Andre Ellington was surrounded as he came off the practice field Monday, not because of his 57-yard catch or his touchdown in the preseason opener, but because it was announced during practice the Cardinals had agreed to terms with another running back – veteran Chris Johnson.
To this, Ellington smiled.
"As many players as we can get in here to help us win a championship, I'm all for it," he said.
Ellington figures to remain the starter in the backfield, but the addition of Johnson changes the running back dynamic
as the Cards begun their third week of training camp. Johnson, who was with the team Monday and is expected to be on the field Tuesday after signing his one-year deal, is a fast back who can catch – properties coach Bruce Arians has shown he likes most.
To make room on the roster for Johnson, the Cardinals waived-injured safety Brandon Person, who tore his ACL against the Chiefs in Saturday's preseason game. If he clears waivers, he will revert back to the team's injured reserve list.
The possibility of Johnson coming to the Cardinals was a week old, from the time his name first surfaced as a target of General Manager Steve Keim. His arrival would seem to impact most third-round rookie David Johnson, who finally returned to practice Monday on a very limited basis after sitting almost all of camp with a hamstring injury.
Ellington had just returned to practice from a hamstring problem last week, just about the time the Johnson possibility came up. Arians shrugged off the idea the mere thought of the signing motivated either.
"I don't think Andre needed (motivation)," Arians said. "David, he's so young, he probably doesn't even know who Chris Johnson is."
David Johnson, who always seems to be smiling, didn't look any different Monday when asked about Chris Johnson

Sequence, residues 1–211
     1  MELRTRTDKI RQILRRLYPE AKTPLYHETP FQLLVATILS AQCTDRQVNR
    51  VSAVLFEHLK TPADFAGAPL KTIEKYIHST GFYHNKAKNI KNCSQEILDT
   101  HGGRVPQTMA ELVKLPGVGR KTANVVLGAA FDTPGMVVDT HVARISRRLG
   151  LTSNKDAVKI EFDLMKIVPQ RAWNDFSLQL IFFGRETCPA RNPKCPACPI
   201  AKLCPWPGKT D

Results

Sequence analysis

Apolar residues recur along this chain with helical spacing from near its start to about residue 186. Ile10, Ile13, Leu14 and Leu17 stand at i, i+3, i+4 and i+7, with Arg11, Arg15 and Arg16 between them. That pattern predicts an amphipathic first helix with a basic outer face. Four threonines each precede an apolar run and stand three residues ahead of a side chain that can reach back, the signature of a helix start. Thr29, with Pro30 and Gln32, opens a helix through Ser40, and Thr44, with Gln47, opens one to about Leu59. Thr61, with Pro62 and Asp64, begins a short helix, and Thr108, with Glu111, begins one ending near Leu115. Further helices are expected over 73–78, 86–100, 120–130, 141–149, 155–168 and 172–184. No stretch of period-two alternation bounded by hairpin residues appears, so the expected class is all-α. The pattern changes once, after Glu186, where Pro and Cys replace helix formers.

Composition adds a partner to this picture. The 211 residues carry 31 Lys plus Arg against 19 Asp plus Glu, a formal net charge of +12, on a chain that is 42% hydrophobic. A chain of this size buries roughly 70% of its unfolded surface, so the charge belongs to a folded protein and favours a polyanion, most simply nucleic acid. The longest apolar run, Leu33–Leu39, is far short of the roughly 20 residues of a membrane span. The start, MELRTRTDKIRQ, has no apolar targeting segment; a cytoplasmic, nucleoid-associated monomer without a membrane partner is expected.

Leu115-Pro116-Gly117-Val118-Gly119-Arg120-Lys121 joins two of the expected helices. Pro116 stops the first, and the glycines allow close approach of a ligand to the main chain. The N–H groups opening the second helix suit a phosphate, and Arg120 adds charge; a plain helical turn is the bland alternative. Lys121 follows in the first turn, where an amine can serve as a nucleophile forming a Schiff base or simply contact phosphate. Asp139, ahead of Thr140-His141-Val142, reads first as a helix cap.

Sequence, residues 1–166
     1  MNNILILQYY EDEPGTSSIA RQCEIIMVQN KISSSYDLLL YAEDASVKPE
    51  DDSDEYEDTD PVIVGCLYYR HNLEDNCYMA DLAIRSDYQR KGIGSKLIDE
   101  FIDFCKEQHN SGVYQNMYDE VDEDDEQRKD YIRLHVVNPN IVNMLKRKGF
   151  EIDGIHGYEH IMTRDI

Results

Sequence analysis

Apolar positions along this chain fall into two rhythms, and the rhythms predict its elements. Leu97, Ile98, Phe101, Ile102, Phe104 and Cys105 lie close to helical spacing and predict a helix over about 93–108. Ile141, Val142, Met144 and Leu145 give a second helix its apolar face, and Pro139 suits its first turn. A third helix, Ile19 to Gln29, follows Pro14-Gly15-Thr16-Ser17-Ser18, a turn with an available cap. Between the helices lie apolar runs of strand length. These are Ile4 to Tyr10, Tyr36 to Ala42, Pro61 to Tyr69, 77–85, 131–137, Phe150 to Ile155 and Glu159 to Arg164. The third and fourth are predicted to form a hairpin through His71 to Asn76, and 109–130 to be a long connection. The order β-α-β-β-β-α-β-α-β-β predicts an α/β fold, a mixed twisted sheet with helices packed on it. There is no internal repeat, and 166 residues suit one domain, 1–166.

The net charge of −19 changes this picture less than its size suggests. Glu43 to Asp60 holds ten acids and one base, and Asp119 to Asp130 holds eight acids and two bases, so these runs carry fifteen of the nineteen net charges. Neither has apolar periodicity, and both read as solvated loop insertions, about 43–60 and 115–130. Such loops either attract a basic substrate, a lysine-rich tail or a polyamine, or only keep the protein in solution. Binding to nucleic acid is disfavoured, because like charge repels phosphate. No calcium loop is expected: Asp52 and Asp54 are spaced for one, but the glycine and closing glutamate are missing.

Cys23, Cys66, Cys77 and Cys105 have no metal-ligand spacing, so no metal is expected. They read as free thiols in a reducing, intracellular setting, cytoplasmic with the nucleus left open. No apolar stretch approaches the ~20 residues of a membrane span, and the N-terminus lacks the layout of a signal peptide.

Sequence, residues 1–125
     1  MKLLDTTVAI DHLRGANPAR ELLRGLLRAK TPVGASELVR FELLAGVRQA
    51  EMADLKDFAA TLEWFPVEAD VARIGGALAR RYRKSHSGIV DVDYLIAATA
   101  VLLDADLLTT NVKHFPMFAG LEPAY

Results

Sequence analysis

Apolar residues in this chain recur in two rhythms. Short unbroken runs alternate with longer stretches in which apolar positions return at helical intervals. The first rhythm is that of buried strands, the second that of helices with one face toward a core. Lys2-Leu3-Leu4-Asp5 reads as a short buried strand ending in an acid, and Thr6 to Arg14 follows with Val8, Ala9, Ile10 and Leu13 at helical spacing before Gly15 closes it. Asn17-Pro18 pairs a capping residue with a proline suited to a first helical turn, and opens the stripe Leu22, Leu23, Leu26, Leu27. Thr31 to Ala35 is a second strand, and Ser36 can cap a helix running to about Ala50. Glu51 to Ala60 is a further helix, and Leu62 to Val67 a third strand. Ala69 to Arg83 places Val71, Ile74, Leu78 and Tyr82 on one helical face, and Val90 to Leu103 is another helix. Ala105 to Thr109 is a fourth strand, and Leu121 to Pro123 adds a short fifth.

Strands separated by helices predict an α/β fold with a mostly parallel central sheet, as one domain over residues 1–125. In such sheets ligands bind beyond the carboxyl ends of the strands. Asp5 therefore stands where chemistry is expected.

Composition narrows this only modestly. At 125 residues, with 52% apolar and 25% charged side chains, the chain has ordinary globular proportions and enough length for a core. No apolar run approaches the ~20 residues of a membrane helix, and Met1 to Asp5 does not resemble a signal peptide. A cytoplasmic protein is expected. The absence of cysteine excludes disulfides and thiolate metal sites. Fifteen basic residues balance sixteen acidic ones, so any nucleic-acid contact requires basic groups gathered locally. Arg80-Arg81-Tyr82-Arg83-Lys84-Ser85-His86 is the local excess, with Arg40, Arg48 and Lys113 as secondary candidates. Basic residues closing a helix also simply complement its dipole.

possibly taking his snaps.
"I can't really feel threatened if I'm not even on the field right now," David Johnson said. "I'm still injured."
Chris Johnson has averaged less than four yards a carry in a season just once, and last year in limited work with the Jets, he averaged 4.3 yards on only 155 rushing attempts. He gained 2,006 yards in 2009 playing for Tennessee and never had less than 1,000 yards for the Titans in his six seasons there.
Johnson also has 296 receptions in his seven-year career, so he can be the receiving option Arians likes out of the backfield if Ellington is not on the field.
Ellington said he studied Johnson's game while in college, and there are similarities between the two. Chris Johnson was shot in the shoulder during an incident in March, but he passed his physical Monday.
Arians said he thought his running backs overall "played pretty solid" against the Chiefs, noting that Kerwynn Williams made a couple of tacklers miss and that Ellington will only get better when he trusts his hamstring to go all out. On the other side, the Cardinals ended up averaging less than three yards a carry.
Now Johnson – once nicknamed "CJ2K" for his big season – arrives to help.
"It gives Coach a lot of options," Ellington said. "The sky is the limit for our offense."
Images from the 12th practice of 2015 training camp